QUESTIONS TO CONSIDER WHILE READING:
- What is this concept of מוטב שיהיו שוגגין ולא מזידין--that it's better for Israel to remain unintentional sinners? Why do you think it first developed? What do you think it says about the relationship between the Sages and the "common people"?
- How well do we think we can judge other people's belief and character?
- What path do we think is best for an ultimate goal of there being more learned Jews performing mitzvot?
- do you identify with this goal or strive towards something different?
- In what ways are the concerns being dealt with in these sources both similar to and divergent from our concerns and situations today?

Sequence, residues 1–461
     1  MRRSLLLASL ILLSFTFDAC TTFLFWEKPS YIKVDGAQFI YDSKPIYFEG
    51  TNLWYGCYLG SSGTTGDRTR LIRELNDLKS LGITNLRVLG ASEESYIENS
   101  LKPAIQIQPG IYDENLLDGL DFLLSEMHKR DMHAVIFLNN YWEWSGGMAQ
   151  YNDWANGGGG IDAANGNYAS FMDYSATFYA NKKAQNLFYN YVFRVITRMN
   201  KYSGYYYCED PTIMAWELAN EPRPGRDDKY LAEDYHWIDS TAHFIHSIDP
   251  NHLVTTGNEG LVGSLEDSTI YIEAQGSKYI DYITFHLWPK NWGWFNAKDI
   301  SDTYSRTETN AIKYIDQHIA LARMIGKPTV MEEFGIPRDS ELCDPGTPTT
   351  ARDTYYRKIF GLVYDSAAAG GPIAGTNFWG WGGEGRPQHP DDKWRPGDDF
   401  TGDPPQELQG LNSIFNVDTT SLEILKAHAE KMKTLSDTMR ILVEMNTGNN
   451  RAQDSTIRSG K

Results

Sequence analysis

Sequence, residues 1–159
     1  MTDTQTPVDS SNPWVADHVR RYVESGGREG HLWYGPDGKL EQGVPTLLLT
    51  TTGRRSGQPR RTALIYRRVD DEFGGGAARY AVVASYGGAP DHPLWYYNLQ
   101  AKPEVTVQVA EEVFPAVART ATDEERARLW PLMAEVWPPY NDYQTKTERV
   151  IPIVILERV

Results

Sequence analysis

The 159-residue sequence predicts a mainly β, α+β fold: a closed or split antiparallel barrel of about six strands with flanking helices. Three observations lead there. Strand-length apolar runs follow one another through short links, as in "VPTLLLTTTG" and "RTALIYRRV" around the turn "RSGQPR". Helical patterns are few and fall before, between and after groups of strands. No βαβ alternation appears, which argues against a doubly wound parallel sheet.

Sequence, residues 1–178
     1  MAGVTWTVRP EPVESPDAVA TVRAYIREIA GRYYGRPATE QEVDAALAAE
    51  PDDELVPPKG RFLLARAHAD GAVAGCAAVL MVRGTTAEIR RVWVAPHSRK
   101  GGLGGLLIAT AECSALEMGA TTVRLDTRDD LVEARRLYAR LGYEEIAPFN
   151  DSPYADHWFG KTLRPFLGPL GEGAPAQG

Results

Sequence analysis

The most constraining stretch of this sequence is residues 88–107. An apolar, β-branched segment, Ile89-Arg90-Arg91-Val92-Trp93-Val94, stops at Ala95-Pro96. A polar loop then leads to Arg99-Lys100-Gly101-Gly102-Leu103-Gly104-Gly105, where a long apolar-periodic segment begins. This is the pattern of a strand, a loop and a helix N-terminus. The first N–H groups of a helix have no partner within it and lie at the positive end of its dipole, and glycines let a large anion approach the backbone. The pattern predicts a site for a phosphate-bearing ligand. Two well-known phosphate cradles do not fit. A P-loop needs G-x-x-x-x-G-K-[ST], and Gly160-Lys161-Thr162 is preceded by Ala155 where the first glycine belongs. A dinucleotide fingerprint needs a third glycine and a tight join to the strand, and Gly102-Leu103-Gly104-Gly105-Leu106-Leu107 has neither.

- What do you think it means for someone to violate something "intentionally"?
- What mitzvot/categories of law, and what situations/environments do you think this is most relevant for today?
- Do we ever feel justified in keeping people in the dark?
This source is from the very first time Ezra reads the whole of "Torat Moshe" before all of Kehilat Yisrael.
- Consider the devastation of the people, according to Rashi, upon learning mitzvot that they had not known, or details of the mitzvot they had been unaware of. Is this a devastation born of wishing they'd had the requisite knowledge to perform these mitzvot? Is it fear?
- Take into account the source immediately following it, re: observance of Sukkot.
וַיֹּ֣אמֶר נְחֶמְיָ֣ה ה֣וּא הַתִּרְשָׁ֡תָא וְעֶזְרָ֣א הַכֹּהֵ֣ן ׀ הַסֹּפֵ֡ר וְהַלְוִיִּם֩ הַמְּבִינִ֨ים אֶת־הָעָ֜ם לְכָל־הָעָ֗ם הַיּ֤וֹם קָדֹֽשׁ־הוּא֙ לַה' אֱלֹקֵיכֶ֔ם אַל־תִּֽתְאַבְּל֖וּ וְאַל־תִּבְכּ֑וּ כִּ֤י בוֹכִים֙ כָּל־הָעָ֔ם כְּשָׁמְעָ֖ם אֶת־דִּבְרֵ֥י הַתּוֹרָֽה׃